Military Factory logo
Icon of a dollar sign
Icon of military officer saluting
Icon of F-15 Eagle military combat fighter aircraft
Icon of Abrams Main Battle Tank
Icon of AK-47 assault rifle
Icon of navy warships

Douglas XP-48

Lightweight Single-Seat Point Defense Fighter Aircraft Proposal

Douglas XP-48

Lightweight Single-Seat Point Defense Fighter Aircraft Proposal


Douglas Aircraft Company proposed its XP-48 as a lightweight fighter for the United States Army Air Corps prior to the American entry in World War 2.
National Flag Graphic
ORIGIN: United States
YEAR: 1940
STATUS: Cancelled
MANUFACTURER(S): Douglas Aircraft Company - USA
OPERATORS: United States (cancelled)

Unless otherwise noted the presented statistics below pertain to the Douglas XP-48 model. Common measurements, and their respective conversions, are shown when possible.
LENGTH: 21.82 feet (6.65 meters)
WIDTH: 32.15 feet (9.8 meters)
HEIGHT: 8.86 feet (2.7 meters)
WEIGHT (EMPTY): 2,679 pounds (1,215 kilograms)
WEIGHT (MTOW): 3,406 pounds (1,545 kilograms)
ENGINE: 1 x Ranger SGV-770 V12 inverted liquid-cooled inline piston engine developing 525 horsepower and driving a three-bladed propeller at the nose.
SPEED (MAX): 351 miles-per-hour (565 kilometers-per-hour; 305 knots)


1 x 0.30 caliber medium machine gun in upper forward fuselage.
1 x 0.50 caliber heavy machine gun in upper forward fuselage.

Series Model Variants
• XP-48 - Base Project Designation


Detailing the development and operational history of the Douglas XP-48 Lightweight Single-Seat Point Defense Fighter Aircraft Proposal.  Entry last updated on 8/7/2018. Authored by Staff Writer. Content ©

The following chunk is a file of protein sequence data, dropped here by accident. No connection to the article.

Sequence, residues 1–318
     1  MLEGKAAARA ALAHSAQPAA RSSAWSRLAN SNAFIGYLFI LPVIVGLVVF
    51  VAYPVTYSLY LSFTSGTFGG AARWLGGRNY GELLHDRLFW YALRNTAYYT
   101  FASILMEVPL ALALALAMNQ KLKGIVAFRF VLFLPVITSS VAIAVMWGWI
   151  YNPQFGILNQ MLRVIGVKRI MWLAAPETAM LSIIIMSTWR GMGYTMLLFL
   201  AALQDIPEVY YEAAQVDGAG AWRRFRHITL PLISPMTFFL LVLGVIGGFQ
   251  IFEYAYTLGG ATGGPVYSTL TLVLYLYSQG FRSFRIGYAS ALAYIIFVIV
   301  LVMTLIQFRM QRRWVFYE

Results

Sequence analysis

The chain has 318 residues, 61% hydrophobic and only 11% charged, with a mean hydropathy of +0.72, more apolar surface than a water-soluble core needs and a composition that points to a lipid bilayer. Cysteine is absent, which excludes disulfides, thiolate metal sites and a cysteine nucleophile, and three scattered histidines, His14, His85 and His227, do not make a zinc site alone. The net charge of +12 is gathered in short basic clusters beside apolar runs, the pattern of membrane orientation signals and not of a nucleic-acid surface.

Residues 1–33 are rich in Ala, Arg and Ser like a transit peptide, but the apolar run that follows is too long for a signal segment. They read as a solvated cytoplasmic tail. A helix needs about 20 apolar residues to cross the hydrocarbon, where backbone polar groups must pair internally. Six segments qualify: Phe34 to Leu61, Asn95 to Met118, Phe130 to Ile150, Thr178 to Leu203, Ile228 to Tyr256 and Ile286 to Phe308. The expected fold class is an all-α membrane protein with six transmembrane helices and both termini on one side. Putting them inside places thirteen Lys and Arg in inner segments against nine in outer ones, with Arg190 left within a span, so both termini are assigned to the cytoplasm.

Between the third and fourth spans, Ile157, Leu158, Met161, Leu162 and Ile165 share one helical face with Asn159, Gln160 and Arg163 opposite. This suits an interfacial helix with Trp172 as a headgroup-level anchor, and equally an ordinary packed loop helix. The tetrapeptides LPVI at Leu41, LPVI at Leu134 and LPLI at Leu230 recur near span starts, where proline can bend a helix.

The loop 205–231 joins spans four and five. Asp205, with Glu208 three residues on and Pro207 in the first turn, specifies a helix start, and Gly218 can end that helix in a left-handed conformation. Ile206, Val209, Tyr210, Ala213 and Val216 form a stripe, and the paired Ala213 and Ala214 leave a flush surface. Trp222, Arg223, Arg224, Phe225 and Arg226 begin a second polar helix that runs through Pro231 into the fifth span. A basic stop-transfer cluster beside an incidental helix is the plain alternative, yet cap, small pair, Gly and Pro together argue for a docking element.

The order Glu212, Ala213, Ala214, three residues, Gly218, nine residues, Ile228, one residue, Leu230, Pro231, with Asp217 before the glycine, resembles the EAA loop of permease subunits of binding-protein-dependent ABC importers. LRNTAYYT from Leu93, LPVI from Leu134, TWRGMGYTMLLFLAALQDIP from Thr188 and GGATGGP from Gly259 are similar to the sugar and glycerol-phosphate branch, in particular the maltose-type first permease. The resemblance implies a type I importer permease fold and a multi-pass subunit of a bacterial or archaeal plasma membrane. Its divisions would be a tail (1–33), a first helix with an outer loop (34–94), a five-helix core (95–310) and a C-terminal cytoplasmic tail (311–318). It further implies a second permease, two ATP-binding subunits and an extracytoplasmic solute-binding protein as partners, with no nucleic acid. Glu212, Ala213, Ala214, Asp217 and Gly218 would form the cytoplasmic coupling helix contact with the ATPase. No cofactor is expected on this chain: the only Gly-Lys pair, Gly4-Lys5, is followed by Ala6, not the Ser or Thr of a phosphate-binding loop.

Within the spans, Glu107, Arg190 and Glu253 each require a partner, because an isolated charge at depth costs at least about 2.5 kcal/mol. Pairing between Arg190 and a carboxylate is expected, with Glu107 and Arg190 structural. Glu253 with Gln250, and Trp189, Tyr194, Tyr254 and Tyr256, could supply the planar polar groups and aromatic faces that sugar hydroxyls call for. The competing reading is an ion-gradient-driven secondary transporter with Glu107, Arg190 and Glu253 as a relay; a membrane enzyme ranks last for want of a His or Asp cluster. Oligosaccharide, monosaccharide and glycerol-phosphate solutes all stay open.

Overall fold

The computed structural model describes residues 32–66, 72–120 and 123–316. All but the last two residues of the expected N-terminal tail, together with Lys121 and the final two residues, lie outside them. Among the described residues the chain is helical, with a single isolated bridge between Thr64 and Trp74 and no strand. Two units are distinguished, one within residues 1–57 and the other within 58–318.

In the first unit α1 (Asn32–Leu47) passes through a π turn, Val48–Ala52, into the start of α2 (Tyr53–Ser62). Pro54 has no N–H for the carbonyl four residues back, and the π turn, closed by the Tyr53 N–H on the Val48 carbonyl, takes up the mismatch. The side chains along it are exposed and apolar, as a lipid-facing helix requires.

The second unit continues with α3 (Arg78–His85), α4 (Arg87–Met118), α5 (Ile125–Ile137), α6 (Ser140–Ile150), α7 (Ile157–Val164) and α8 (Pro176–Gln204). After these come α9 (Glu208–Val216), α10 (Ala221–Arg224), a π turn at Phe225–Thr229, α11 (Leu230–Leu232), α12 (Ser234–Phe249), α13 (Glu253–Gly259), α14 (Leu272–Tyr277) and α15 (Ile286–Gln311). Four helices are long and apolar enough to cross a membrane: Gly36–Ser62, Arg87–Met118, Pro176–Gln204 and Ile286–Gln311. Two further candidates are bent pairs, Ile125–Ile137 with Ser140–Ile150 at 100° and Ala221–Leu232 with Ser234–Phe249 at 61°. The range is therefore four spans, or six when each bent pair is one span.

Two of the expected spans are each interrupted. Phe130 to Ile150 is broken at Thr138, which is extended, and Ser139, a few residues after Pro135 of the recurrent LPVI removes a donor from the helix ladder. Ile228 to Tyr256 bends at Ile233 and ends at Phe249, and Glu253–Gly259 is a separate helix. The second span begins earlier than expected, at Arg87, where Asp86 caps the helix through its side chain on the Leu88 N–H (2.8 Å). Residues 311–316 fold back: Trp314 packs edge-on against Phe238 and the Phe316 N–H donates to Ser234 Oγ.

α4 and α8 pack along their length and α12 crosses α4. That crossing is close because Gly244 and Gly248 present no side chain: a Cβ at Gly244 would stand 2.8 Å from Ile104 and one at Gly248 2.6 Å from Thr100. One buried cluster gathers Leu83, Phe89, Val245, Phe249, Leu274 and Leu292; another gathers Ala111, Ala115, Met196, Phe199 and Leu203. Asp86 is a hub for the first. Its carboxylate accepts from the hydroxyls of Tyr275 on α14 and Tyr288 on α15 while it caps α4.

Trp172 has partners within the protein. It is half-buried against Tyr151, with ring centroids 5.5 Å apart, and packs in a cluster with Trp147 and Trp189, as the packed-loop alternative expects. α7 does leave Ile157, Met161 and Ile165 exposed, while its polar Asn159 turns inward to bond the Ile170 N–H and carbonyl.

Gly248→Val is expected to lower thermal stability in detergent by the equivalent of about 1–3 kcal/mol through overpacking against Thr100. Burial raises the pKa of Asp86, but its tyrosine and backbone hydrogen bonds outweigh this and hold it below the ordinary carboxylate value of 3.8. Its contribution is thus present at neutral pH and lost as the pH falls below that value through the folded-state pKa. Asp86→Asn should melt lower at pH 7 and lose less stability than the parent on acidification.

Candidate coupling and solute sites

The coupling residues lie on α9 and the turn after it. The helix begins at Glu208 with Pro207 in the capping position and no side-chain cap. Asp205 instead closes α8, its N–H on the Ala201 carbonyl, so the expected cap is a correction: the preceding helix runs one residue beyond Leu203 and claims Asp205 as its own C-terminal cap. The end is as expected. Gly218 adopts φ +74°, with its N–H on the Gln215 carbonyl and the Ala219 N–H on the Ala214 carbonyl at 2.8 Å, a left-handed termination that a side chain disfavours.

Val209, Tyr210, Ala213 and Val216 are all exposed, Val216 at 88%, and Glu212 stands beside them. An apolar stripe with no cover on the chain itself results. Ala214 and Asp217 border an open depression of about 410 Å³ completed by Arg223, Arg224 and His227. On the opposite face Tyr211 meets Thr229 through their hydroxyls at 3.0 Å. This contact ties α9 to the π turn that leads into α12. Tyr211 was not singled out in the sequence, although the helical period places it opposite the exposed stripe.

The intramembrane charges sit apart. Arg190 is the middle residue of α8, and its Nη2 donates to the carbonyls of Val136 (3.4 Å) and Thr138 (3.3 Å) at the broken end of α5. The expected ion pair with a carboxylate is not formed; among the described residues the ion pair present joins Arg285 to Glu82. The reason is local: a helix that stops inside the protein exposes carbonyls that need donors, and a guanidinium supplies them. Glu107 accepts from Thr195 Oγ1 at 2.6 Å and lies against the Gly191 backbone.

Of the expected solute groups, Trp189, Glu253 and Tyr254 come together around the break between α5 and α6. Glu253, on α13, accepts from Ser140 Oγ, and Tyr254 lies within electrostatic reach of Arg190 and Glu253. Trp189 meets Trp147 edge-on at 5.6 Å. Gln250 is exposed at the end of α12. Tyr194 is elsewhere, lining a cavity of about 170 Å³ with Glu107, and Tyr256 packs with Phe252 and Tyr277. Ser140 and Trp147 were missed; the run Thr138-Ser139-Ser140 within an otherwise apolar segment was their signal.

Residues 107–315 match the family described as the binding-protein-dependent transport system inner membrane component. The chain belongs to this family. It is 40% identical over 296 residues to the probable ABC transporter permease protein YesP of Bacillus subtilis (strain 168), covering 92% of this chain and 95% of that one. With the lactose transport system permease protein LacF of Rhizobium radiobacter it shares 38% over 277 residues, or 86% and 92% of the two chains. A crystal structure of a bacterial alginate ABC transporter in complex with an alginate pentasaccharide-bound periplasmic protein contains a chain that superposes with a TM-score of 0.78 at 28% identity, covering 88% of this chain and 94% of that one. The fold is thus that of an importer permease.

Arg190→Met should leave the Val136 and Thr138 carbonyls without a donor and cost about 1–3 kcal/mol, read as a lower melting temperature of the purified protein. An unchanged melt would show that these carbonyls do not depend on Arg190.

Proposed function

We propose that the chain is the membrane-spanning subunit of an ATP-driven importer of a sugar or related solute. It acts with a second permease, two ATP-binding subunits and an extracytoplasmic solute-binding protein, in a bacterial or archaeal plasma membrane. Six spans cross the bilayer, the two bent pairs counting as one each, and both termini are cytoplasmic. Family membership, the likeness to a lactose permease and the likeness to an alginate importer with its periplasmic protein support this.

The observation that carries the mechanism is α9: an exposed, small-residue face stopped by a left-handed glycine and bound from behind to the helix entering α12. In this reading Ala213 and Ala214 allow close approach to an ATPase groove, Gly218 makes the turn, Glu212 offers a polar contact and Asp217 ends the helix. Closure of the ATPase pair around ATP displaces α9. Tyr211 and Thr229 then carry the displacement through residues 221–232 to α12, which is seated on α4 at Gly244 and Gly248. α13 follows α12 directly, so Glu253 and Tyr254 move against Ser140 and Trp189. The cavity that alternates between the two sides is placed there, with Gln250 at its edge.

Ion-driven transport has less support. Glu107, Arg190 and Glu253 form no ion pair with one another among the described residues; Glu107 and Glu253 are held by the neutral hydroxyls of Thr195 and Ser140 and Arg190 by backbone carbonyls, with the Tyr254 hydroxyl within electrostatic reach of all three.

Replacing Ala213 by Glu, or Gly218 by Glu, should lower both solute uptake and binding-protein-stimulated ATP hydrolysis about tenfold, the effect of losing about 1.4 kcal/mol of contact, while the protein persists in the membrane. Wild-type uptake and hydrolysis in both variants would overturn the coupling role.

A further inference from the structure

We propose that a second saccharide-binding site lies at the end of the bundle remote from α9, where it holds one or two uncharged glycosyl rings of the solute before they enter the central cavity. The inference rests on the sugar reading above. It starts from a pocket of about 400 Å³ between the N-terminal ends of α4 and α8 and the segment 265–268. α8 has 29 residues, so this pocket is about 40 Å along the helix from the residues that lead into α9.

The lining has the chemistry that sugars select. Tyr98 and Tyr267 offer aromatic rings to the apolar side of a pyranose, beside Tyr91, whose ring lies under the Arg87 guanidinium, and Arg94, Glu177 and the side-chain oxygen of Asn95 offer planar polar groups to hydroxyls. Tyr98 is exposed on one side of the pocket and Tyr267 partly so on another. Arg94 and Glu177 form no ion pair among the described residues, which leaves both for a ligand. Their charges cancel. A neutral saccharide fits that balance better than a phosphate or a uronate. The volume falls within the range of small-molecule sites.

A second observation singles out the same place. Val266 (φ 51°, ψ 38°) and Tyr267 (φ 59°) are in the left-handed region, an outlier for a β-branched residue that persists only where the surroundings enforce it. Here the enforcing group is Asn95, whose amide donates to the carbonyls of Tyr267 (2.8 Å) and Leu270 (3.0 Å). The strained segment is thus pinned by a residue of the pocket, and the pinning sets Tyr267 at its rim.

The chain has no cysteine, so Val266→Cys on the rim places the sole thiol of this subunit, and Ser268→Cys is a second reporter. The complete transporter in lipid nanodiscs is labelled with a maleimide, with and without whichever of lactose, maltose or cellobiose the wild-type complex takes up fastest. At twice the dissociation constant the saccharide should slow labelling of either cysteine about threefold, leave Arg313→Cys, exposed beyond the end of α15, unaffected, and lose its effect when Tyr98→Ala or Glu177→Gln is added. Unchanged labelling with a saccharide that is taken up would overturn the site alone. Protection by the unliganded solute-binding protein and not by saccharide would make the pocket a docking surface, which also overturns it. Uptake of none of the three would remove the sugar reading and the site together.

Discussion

The concept of an economically-minded, very-lightweight-fighter was on the minds of warplanners across the globe even before the outbreak of World War 2 in September of 1939. The United States Army Air Corps (USAAC) was one branch of service looking into the prospect of a fleet of such aircraft designed as "point defense" solutions to counter the threat of a fleet of enemy bombers. The fighters would be cheap-to-produce en mass and quick-to-construct in the numbers needed. Compact dimensions, non-essential construction materials (namely wood), and suitable armament were at the heart of many of the contributions to this category of military aircraft.

As a private venture, the Douglas Aircraft Company took up a lightweight fighter design for the purpose of selling it to the Army Air Corps. Work began in 1939 and involved a basic, conventionally-arranged fuselage seating a sole pilot at midships. The engine was fitted to the nose in the usual way and a single-finned tail unit was at play at the rear. The mainplane consisted of a straight monoplane arrangement, though very slim in their design, and seated ahead of midships. The undercarriage was of a rather forward-thinking configuration, being tricycle (three-legged) and retractable. The main legs were installed at the fuselage which was rather unique for a fighter of the period where main legs were typically attached to the main wing members.